Career Fair offers students ways to network within businesses


American River College hosts a carrer day for students. Employers came from all over Northern California in hopes of recurting students now and for the future on Oct. 1. (Photo by Emily Thompson)

Ashley Nanfria

More than 200 students crowded into the Student Center for this semester’s career fair on Thursday at American River College.

Students spoke to different business representatives and employers about the opportunities in their particular profession.

“Today has been really helpful for me when talking to employers, I came to get ideas on student internships I can get and even work my way into a job with the state,” said ARC student Andrea Ferrer

40 employers, ranging from all over Northern California, attended the event to share with students what they look for in an applicant and what they should expect if they ever want a job in their field.

Some of these employers included, Federal Bureau of Investigation (FBI), Bay Area Regional Transit (BART) police department and Sacramento Municipal Utility District (SMUD).

FBI employee Steve Dupree shared with students on how become an FBI agent is not as simple as it is with any regular job.

“As an applicant, you must have a bachelor’s degree and 3+ years in a profession within. You also must be 23-36 years old and be able to pass a rigorous physical fitness test. Start planning now,” said Dupree.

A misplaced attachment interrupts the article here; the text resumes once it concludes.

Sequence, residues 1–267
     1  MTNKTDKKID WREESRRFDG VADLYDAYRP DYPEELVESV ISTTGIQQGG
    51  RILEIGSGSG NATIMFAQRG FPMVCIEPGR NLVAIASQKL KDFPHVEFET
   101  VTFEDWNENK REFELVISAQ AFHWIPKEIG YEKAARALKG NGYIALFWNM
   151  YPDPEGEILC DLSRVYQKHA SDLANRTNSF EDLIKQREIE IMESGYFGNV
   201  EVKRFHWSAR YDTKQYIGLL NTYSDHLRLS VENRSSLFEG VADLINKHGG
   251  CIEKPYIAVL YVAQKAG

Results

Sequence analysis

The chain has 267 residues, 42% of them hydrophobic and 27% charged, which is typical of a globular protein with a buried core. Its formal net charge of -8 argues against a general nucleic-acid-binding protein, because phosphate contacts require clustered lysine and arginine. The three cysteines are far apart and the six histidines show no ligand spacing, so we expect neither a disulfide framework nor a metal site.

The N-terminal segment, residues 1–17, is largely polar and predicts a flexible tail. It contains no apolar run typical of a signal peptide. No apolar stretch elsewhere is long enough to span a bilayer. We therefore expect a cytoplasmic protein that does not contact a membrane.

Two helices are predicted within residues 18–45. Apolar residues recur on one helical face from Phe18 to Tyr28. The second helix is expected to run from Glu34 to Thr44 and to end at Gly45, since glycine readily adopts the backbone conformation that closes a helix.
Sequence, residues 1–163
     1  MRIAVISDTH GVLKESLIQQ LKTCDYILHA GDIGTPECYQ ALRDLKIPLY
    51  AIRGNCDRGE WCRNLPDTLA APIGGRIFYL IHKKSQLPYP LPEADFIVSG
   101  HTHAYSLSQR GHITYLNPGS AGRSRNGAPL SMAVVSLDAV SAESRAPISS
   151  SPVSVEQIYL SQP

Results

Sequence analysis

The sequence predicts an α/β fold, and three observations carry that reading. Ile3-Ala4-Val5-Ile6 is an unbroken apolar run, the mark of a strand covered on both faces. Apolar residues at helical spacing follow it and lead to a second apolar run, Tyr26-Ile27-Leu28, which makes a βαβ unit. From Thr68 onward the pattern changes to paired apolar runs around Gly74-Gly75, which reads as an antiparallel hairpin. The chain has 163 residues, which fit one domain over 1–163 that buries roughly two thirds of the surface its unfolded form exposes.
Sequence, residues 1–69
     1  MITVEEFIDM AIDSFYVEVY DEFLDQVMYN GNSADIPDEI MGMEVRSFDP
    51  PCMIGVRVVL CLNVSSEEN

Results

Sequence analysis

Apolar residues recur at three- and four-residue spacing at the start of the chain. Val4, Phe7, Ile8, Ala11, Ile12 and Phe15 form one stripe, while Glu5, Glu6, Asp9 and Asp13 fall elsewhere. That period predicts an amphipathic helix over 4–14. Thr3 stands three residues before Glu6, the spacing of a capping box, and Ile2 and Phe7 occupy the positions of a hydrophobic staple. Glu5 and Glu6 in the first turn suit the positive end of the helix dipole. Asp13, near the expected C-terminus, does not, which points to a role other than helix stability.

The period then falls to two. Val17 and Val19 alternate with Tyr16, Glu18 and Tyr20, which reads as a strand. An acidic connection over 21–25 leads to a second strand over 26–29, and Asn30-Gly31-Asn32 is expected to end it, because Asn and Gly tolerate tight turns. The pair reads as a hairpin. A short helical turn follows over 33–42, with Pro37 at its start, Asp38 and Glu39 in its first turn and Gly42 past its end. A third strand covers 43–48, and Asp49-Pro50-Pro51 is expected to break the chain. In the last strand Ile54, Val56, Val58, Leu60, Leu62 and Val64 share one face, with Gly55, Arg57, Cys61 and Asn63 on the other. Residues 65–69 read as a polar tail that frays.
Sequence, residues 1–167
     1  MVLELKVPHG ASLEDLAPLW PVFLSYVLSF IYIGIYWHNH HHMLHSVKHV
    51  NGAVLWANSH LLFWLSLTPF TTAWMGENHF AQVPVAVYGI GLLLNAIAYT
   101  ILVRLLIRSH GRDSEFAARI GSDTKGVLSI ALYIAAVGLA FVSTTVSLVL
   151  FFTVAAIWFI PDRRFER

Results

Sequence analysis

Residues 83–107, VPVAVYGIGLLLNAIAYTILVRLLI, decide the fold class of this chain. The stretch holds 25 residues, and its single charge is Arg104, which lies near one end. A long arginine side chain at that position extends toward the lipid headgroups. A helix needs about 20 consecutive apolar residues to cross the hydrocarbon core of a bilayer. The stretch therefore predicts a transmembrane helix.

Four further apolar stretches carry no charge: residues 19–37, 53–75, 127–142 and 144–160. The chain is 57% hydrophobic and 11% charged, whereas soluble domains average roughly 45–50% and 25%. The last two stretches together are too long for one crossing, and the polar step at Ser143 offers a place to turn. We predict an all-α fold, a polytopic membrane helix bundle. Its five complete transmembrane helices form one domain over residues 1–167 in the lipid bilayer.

Other professions, such as SMUD, offer applicants a wide variety of positions, within their company, that do not require such specific requirements.

“Go in knowing what you want to do. We are always hiring because we have a lot of spots to fill. Positions vary, some require a degree, some no degree at all,” SMUD employee John Na said.

Many employees at the fair, such as BART police department officer Richard Nagata, expressed how their professions could lead to lasting futures.

“We require the same training as a police department around town would but we cater mostly to the BART area and we are expanding,” said Nagata. “Once people start working for us not many leave because of the opportunities and benefits we have.”

Foxy Brown, who ran a booth for the work experience and internship program on campus, handed out information to students on what ARC offers for those who are starting out in a career.

“We help students in all areas of beginning a career,” said Brown. “Everything from a resume building workshops to Internships.”

ARC student Safiullah Wahabzada felt excited about his first time at a career fair and how it turned out.

“It was a lot of fun looking at all of the different tables and employers. I really gained a lot of information and even some contact numbers,” said Wahabzada.